For 56 years, Eula Bredsguard has been considered one of Monroe's best cooks.

"I guess you could say I'm a good cook," she admitted. "Lots of people say it. I like to try new recipes, but really, when you've been cooking as long as I have, you ought to be good."Bredsguard grew up on a farm in Wayne County where her family raised livestock, farmed and gardened.

"My mother cured our pork, then made our cheese. We traded cheese for fruit to bottle. We cooked with what we had. I remember how many times we made sour cream cake. It seems like I had the recipe memorized before I could read, but we had to use that sour cream."

Principles of provident living influenced Bredsguard's lifestyle.

"We were careful to use everything we grew," she explained. "I remember sometimes going to school without bread, but we'd come home to a steamed pudding or fresh doughnuts. Mother made noodles and we always ate meat and potatoes."

Food preparation was Eula's assigned chore as a youngster.

"I was the cook. One of my sisters was the seamstress; the other, a musician. It's still that way, years later," Bredsguard recalled.

Years of experience allow Bredsguard the privilege of passing on secrets of success.

"I wouldn't use anything but Gold Medal flour for baking," she acknowledged. "I've tried all the others, sifted and not sifted, and the results are always better with that flour. I do use bread flour for my rolls, though. Oh, I use Softasilk (cake flour) for my cakes. It gives a much finer grain and texture to the cake."

Despite the hours Bredsguard enjoys in the kitchen, her life stretches well beyond the kitchen walls.

Living room walls are lined with bookshelves; Bredsguard belongs to three book clubs. Classics and best sellers stand in rows as evidence of Eula's other hobby.

The reading diversion was short-lived, however, as Bredsguard bounced back to food.

She joined with a group of neighbors more than 40 years ago to form the Birthday Club.

"We get together to celebrate our birthdays, and, of course, we have a luncheon. That's the time we share our new recipes," she explained.

With a lifetime of cooking behind her, Bredsguard's not content to practice her perfected recipes but enthusiastically collects additional evidence to shore up her title as Monroe's best.


Recipes listed:

Rocky Road Brownies

1 cup margarine or butter, softened

2 cups sugar

1/3 cup cocoa

4 eggs

1 1/2 cups flour

Pinch of salt

1/2 cup nuts, chopped

1 teaspoon vanilla

1 1/2-2 cups miniature marshmallows


2 cups powdered sugar

6 tablespoons margarine

Pinch of salt

1 teaspoon vanilla

3-4 tablespoons cocoa

3-4 tablespoons milk

Blend margarine with sugar and cocoa, then eggs, one at a time. Stir in flour, salt, vanilla and nuts. Spread into greased 11-by-17-inch pan. Bake at 350 degrees for 25 minutes. Remove from oven and cover with marshmallows, return to oven for about 3-5 minutes or until marshmallows are puffed. Cool and frost.

For frosting, blend cocoa, powdered sugar, salt and margarine. Gradually stir in milk and vanilla, blending until smooth and of spreading consistency.

Makes 5-6 dozen brownies.

Traditional Roll Dough

2 packages active dry yeast

1/2 cup warm water

1 quart milk, scalded

1/3-1/2 cup sugar

2 teaspoons salt

3 eggs, beaten

3 large tablespoons shortening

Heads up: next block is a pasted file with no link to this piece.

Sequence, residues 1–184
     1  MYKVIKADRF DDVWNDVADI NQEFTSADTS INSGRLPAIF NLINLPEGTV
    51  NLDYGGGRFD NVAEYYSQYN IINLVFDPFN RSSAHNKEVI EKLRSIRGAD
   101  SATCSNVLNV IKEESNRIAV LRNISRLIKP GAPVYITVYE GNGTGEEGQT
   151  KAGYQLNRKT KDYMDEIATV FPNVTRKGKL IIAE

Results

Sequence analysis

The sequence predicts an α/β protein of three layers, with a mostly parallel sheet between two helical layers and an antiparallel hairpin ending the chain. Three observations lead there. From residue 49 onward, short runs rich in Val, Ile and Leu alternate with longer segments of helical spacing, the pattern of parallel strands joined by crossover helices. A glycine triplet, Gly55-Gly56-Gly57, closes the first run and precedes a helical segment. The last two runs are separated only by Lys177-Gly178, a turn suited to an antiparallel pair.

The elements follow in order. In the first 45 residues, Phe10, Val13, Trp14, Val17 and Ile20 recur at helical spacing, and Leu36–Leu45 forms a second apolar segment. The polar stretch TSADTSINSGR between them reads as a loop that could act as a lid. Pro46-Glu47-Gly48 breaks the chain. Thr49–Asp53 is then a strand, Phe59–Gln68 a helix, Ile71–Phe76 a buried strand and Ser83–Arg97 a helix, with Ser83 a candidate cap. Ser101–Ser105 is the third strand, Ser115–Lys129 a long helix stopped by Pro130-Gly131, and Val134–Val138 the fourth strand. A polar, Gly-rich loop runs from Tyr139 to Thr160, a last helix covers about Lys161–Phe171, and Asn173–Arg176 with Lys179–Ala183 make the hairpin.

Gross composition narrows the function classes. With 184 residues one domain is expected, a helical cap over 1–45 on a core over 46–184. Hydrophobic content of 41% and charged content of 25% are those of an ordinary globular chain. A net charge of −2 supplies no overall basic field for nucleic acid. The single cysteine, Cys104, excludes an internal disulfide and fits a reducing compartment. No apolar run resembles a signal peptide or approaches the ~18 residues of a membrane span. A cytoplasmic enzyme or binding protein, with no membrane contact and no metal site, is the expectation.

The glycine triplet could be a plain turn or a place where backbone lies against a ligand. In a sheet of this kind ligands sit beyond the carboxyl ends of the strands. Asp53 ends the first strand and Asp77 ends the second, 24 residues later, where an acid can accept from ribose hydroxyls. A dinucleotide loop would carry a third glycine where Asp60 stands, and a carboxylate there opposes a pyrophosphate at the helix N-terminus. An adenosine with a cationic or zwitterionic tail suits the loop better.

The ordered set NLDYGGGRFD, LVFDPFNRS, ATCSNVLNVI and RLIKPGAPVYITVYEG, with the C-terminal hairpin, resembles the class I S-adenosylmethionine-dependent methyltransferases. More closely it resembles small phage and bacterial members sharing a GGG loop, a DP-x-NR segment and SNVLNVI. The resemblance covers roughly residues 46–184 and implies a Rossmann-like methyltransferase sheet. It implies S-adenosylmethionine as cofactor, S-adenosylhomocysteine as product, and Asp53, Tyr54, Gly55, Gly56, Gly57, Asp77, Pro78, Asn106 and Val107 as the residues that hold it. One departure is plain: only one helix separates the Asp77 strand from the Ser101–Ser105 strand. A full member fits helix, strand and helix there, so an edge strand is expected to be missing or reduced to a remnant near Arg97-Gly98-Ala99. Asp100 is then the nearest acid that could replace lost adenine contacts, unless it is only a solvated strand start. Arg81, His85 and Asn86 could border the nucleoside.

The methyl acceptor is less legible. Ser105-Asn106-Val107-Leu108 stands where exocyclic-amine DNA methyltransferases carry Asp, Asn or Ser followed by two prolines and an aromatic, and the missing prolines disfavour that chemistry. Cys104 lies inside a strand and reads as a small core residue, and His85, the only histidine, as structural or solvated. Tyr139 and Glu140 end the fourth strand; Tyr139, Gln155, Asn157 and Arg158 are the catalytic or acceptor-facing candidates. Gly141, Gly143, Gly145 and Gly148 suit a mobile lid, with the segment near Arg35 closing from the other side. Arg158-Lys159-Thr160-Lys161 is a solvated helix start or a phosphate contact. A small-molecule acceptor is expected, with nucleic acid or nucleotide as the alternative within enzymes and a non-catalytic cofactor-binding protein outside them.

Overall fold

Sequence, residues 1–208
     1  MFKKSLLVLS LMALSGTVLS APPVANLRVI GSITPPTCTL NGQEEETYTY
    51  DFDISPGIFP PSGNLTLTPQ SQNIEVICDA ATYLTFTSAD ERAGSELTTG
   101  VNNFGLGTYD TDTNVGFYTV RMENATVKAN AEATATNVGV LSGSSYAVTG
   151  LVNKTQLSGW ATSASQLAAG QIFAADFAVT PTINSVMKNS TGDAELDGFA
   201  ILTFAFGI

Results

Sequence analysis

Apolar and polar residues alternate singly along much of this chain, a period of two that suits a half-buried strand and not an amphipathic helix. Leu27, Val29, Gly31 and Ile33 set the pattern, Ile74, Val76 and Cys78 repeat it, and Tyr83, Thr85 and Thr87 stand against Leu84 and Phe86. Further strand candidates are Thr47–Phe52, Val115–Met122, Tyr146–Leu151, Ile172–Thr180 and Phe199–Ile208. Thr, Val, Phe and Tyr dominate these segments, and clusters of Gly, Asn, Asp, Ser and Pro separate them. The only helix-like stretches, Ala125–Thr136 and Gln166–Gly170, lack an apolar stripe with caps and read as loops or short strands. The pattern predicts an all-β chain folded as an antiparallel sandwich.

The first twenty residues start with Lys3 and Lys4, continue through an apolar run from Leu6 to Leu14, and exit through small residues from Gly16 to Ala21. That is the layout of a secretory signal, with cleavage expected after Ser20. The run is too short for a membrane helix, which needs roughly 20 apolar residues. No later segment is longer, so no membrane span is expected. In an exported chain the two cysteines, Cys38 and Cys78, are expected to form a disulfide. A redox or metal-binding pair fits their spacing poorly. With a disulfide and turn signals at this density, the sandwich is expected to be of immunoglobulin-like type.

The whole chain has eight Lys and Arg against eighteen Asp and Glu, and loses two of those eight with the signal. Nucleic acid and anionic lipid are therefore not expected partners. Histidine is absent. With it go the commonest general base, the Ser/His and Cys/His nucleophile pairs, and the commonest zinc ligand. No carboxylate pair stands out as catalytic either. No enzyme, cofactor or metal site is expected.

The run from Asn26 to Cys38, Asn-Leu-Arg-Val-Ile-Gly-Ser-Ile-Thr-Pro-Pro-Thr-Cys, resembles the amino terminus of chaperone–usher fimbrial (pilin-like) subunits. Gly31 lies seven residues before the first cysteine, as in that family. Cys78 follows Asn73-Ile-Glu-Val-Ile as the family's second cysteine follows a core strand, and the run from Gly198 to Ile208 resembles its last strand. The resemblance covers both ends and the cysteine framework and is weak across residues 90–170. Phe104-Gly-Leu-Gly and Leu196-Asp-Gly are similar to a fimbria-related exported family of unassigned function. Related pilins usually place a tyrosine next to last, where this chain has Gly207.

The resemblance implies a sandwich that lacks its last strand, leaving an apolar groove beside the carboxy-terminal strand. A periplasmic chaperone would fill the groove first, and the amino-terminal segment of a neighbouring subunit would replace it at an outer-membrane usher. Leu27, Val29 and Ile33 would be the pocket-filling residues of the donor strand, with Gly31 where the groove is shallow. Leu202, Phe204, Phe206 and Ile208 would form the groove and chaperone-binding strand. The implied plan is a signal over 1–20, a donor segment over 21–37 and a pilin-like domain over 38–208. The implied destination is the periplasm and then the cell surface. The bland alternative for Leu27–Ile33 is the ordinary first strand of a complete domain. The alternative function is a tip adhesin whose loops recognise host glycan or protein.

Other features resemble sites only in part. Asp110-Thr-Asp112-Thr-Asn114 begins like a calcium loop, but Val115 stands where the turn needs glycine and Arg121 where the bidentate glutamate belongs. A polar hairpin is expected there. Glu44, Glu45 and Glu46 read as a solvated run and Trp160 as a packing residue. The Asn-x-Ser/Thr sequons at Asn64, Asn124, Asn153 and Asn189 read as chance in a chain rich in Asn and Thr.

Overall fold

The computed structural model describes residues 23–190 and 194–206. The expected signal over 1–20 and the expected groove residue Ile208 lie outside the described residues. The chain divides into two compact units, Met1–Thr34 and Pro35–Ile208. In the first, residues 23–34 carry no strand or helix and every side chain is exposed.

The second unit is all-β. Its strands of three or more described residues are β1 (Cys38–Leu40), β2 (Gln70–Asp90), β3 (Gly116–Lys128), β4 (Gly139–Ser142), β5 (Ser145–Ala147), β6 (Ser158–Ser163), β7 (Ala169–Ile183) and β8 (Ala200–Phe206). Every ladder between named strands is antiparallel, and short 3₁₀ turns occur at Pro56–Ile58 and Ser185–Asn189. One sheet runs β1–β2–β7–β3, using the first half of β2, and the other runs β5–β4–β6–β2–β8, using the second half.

7-8 cups Gold Medal "Better for Bread" flour Dissolve yeast in warm water.

Pour scalded milk in large bowl; add sugar, salt and shortening; let cool enough to add yeast, beaten eggs and part of flour. Beat with mixer until well mixed; add remaining flour, stirring until dough is soft and easy to handle, but not stiff. Let rise 1 hour or until doubled in bulk. Put out on floured board, roll and shape into desired shapes. Let rise 20-30 minutes. Bake at 400 degrees for 15-20 minutes. Makes 4-5 dozen rolls.

Carrot Cookies

1 cup shortening

1 egg

2 cups flour

3/4 cup sugar

1 cup carrots, cooked and mashed

1 teaspoon baking powder

1/2 teaspoon salt

1 teaspoon vanilla

1/2 teaspoon lemon extract

1/2 cup walnuts, chopped


2 cups powdered sugar

1/2 teaspoon lemon extract

Orange juice

Cream shortening and sugar; add egg and mashed carrots. Blend in flour mixed with baking powder and salt. Add flavorings and nuts. Drop by teaspoonsful on greased baking sheet. Bake at 375 degrees for 12-15 minutes. Frost cookies while still hot. Makes 3 dozen cookies.

For frosting, combine powdered sugar with lemon extract. Add orange juice, a little at time, until icing reaches spreading consistency.

Best-Ever Lemon Pie

1 baked 9-inch pie shell

1 1/4 cups sugar

6 tablespoons cornstarch

2 cups water

1/3 cup lemon juice

3 eggs, separated

3 tablespoons butter

1 1/2 teaspoons lemon extract

Yellow food coloring, optional

2 teaspoons vinegar

Never-Fail Meringue:

1 tablespoon cornstarch

1 tablespoon cold water

1/2 cup boiling water

3 egg whites

6 tablespoons sugar

1 teaspoon vanilla

Pinch of salt

Mix sugar and cornstarch with 2 cups water. Combine egg yolks with juice and beat. Add to mixture and cook until thick, stirring constantly. Add extract, butter, vinegar and food coloring; stir thoroughly. Pour into a deep 9-inch pie shell and cool. Cover with meringue and brown, 350 degrees, about 10 minutes.

For meringue, blend cornstarch and cold water. Add to boiling water and cook - while stirring - until clear and thick; cool completely. Beat egg whites until foamy, gradually add sugar and beat until stiff. Add vanilla, salt, then cold cornstarch mixture and beat well. Spread over pie filling and brown. Meringue cuts easily and never gets sticky.